Hong Kong bans entry of visitors from China virus province
China says 2,051 people infected, 56 dead as US evacuates its citizens from Wuhan
Chinese police officers in Beijing. WHO director-general Tedros Adhanom Ghebreyesus is on his way to Beijing to meet officials and health experts dealing with the coronavirus. Photograph: Betsy Joles/Getty Images
Residents of China’s Hubei province, where the new coronavirus outbreak was first reported, will be banned from entering Hong Kong from Monday as China tries to halt the rapid spread of the outbreak.
China’s cabinet also announced it will extend the week-long Lunar New Year holiday by three days to February 2nd and schools will return from their break later than usual, state broadcaster CCTV said.
Health authorities around the world are racing to prevent a pandemic of the virus, which has infected more than 2,000 people in China and killed 56.
A handful of cases of infection have been reported in other countries, including Thailand, Australia, the United States, France and Canada. No fatalities have been recorded outside China.
The mayor of Wuhan, which is the capital of Hubei province and at epicentre of the outbreak, said he expected another 1,000 new patients in the city, which was stepping up construction of special hospitals.
The newly identified coronavirus has created alarm because much about it is still unknown, such as how dangerous it is and how easily it spreads between people. It can cause pneumonia, which has been deadly in some cases.
China’s national health commission minister Ma Xiaowei said the incubation period for the virus can range from one to 14 days, during which infection can occur.
The Lunar New Year holiday, traditionally celebrated by hundreds of millions of Chinese travelling around the country and abroad to see family, began on Friday but has been severely disrupted by the outbreak.
Mr Ma said China would intensify its containment efforts, which have so far included transport and travel curbs and cancellation of big events.
The virus, believed to have originated late last year in a seafood market in Wuhan that was illegally selling wildlife, has spread to cities including Beijing and Shanghai.
The World Health Organisation this week stopped short of calling the outbreak a global health emergency, but some health experts question whether China can contain the epidemic.
WHO director-general Tedros Adhanom Ghebreyesus said he was on his way to Beijing to meet officials and health experts dealing with the coronavirus.
Chinese-ruled Hong Kong, which has six confirmed cases, will also ban entry from Monday to people who have visited Hubei province in the past 14 days, the city’s government said. The rule does not apply to Hong Kong residents.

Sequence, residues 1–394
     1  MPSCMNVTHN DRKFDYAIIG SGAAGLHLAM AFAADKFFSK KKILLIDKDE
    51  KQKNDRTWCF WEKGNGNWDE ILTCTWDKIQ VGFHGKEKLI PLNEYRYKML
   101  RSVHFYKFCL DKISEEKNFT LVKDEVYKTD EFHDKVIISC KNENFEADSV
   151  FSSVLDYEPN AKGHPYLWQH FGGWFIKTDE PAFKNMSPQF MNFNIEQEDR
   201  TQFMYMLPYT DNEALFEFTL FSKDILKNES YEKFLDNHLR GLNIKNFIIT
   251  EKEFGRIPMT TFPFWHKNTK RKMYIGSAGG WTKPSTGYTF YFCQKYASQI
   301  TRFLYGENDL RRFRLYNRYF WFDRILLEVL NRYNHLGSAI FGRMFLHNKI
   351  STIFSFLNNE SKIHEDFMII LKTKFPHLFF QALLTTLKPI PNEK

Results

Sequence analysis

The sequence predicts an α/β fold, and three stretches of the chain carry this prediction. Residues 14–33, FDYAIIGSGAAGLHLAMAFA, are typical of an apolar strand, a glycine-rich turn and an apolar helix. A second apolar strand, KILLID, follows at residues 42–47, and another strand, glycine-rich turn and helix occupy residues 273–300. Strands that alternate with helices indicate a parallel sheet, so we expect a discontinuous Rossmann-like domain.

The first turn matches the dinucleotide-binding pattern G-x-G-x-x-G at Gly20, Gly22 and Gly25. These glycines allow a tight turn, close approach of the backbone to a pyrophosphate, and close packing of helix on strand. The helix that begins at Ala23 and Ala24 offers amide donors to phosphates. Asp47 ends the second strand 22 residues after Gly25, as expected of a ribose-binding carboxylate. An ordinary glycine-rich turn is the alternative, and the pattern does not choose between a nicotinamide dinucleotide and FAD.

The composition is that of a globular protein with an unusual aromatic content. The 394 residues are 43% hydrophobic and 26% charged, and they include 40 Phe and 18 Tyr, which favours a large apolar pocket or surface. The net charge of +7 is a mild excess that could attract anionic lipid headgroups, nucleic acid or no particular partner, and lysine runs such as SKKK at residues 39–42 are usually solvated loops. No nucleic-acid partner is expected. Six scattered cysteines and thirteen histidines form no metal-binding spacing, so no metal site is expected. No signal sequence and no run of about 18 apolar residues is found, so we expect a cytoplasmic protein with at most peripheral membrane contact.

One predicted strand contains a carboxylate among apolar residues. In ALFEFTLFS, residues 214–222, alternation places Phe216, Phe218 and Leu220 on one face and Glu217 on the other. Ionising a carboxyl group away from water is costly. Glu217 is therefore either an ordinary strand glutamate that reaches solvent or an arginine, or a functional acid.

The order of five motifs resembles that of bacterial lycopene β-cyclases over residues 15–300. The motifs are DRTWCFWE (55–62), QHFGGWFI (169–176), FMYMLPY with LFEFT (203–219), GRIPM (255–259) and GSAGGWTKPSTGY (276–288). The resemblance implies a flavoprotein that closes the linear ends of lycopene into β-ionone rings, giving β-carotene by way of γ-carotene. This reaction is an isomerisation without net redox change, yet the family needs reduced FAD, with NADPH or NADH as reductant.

Hubei’s governor, Wang Xiaodong, said on Sunday he felt “agonised” and responsible for the outbreak. He described the situation as severe and said medical supplies were still tight.
China confirmed 2,051 cases of infection as of 7pm (1100 GMT) on January 26th, while the death toll from the virus remained at 56, state broadcaster CCTV reported.
Airports around the world have stepped up screening of passengers from China, although some health officials and experts have questioned the effectiveness of these efforts.
Health officials in Orange County, California, said a third case had been registered in the US in a traveller from Wuhan, who was in isolation and in good condition.
Wildlife sales ban
On Sunday, China temporarily banned nationwide the sale of wildlife in markets, restaurants, and e-commerce platforms. Wild and often poached animals packed together in Chinese markets are blamed as incubators for viruses to evolve and jump the species barrier to humans.
The New York-based Wildlife Conservation Society called on China to make the ban permanent.
The US state department said it will relocate personnel at its Wuhan consulate to the US, while Japan was working with China to arrange a charter flight for Japanese nationals to return from Wuhan. About 50 Italians in Wuhan and the Hubei region were offered transport out.
The outbreak has prompted widening curbs on movements within China, with Wuhan, a city of 11 million, on virtual lockdown and transport links all-but severed except for emergency vehicles.
China has called for transparency in managing the crisis, after public trust was eroded by a cover-up of the spread of SARS, a coronavirus that originated in China and killed nearly 800 people globally in 2002 and 2003.